FaithWorld

Egyptians want more Islam in politics, according to Pew poll

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(Anti-Mubarak graffiti in Cairo's Tahrir Square February 1, 2011. The Arabic writing reads "Down with Mubarak."/Yannis Behrakis )

With so much speculation about what role the Muslim Brotherhood might play in any future political system in Egypt, it’s worth looking at some opinion polling data to see what they say they think about the role of Islam in politics.  One recent poll says they want a bigger role for Islam in politics, they want democracy and they reject Islamist radicals such as Osama bin Laden.  Respondents also showed quite high levels of support for traditional Islamic punishments such as stoning for adulterers, cutting off thieves’ hands and death for apostates from Islam.

Whether and how the views mirrored in these results get turned into policy naturally depends on many factors, so this poll the Pew Research Center published in December cannot be any kind of projection of what to expect. Still, it provides at least some data on what Egyptians may want to see from a future government.

The  poll surveyed attitudes among Muslims in seven countries — Egypt, Indonesia, Jordan, Lebanon, Nigeria, Pakistan and Turkey. The questions in the survey are part of Pew’s Global Attitudes Project, which has been collecting this data since 2002. The results are based on responses from 1,000 adults questioned between April 12 and May 3 in face-to-face interviews in Arabic.

For the detailed results from Egypt extracted from the report, see our Factbox: Egyptians want more Islam in politics: poll.

U.S. religious/secular abortion divide is stark

Among the areas covered in the just released Pew survey of American public opinion about abortion, one that grabbed my attention asked about factors that influence people’s opinion about the issue.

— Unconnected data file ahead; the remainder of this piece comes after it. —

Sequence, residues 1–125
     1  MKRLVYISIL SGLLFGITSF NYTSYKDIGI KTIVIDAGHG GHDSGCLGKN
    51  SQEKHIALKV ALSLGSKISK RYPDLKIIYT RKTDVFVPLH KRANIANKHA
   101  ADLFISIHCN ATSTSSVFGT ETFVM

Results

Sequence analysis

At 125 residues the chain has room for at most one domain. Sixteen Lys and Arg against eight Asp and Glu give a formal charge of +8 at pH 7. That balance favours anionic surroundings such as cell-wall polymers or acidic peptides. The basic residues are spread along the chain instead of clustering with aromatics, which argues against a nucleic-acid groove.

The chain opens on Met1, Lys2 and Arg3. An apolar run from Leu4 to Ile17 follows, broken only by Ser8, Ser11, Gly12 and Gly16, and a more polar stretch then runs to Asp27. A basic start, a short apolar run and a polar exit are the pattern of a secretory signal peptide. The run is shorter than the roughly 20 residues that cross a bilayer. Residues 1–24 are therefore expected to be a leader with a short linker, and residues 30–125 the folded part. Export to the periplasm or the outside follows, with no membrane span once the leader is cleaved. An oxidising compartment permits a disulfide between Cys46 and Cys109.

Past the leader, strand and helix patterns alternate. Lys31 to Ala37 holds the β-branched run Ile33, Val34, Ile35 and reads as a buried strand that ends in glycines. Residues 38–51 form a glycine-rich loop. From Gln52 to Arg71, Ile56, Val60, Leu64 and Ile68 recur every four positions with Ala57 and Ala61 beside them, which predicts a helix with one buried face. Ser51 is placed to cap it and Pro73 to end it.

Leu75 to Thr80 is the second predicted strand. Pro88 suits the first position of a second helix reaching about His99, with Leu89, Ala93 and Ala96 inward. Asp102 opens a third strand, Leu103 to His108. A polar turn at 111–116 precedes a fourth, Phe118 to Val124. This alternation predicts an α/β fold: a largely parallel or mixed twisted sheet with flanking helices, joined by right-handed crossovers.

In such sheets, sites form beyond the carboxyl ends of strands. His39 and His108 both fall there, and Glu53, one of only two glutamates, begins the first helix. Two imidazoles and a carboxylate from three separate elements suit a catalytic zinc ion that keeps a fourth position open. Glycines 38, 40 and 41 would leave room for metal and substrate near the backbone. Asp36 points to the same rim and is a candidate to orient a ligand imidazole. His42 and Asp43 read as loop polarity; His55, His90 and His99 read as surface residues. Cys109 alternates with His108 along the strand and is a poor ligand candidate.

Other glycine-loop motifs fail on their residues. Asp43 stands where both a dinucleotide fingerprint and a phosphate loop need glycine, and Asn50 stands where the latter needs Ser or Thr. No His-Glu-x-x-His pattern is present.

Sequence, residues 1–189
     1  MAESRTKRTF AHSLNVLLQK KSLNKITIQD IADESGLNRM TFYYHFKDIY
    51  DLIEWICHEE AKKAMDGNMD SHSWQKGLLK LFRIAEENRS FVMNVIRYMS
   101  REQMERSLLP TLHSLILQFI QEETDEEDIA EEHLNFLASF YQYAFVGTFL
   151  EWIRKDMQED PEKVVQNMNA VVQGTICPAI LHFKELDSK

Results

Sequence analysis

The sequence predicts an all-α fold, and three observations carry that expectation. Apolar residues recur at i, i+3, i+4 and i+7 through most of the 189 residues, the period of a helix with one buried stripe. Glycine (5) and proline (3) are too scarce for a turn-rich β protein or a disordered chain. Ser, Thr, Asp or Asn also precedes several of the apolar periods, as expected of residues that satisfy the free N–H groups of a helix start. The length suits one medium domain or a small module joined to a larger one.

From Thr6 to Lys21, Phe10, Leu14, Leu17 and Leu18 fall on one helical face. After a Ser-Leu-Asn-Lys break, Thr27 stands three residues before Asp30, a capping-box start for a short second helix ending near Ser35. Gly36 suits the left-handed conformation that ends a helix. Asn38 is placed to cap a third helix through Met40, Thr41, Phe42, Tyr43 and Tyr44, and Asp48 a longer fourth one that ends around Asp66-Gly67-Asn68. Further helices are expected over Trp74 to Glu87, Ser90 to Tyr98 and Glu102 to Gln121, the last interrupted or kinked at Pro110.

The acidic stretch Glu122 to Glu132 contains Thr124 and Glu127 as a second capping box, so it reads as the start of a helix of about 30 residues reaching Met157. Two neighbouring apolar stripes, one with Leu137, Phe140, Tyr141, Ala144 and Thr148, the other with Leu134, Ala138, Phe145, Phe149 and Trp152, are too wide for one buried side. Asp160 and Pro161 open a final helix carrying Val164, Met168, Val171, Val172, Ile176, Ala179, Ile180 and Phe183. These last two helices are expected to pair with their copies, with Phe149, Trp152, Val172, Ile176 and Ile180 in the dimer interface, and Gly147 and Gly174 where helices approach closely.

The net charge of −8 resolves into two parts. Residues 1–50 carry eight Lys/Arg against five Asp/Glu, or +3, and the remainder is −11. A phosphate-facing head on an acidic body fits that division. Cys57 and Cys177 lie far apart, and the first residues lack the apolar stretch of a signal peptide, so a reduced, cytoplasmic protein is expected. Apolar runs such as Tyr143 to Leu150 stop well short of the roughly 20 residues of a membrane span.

For those who support abortion rights, only 11 percent cited religious beliefs as the primary influence on their views on the topic; among those who say abortion should be illegal, 53 percent cited faith as their guiding reason. Overall 32 percent of those surveyed cited religious beliefs as the main factor behind their views on abortion.

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None of this, mind you, is surprising. Opposition to abortion rights in the United States has been driven primarily by religious conservatives — evangelical and Catholic mostly — and so the figure fits the usual narrative. Few people cite faith as a reason to support abortion rights and so the 11 percent figure in that regard is also what you would expect.

Support for abortion rights declines in America

Public support for abortion rights is ebbing in America while the issue’s importance has fallen on the public agenda, especially for liberal Democrats, according to a new survey by the Pew Research Center.

In 2007 and 2008, Pew found that supporters of abortion rights outnumbered those saying it should be illegal in most or all cases by a 54 percent to 40 percent margin.

By contrast, in two major surveys conducted in 2009 among a total sample of more than 5,500 adults, views of abortion are about evenly divided, with 47 percent expressing support for legal abortion and 44 percent expressing opposition,” Pew said.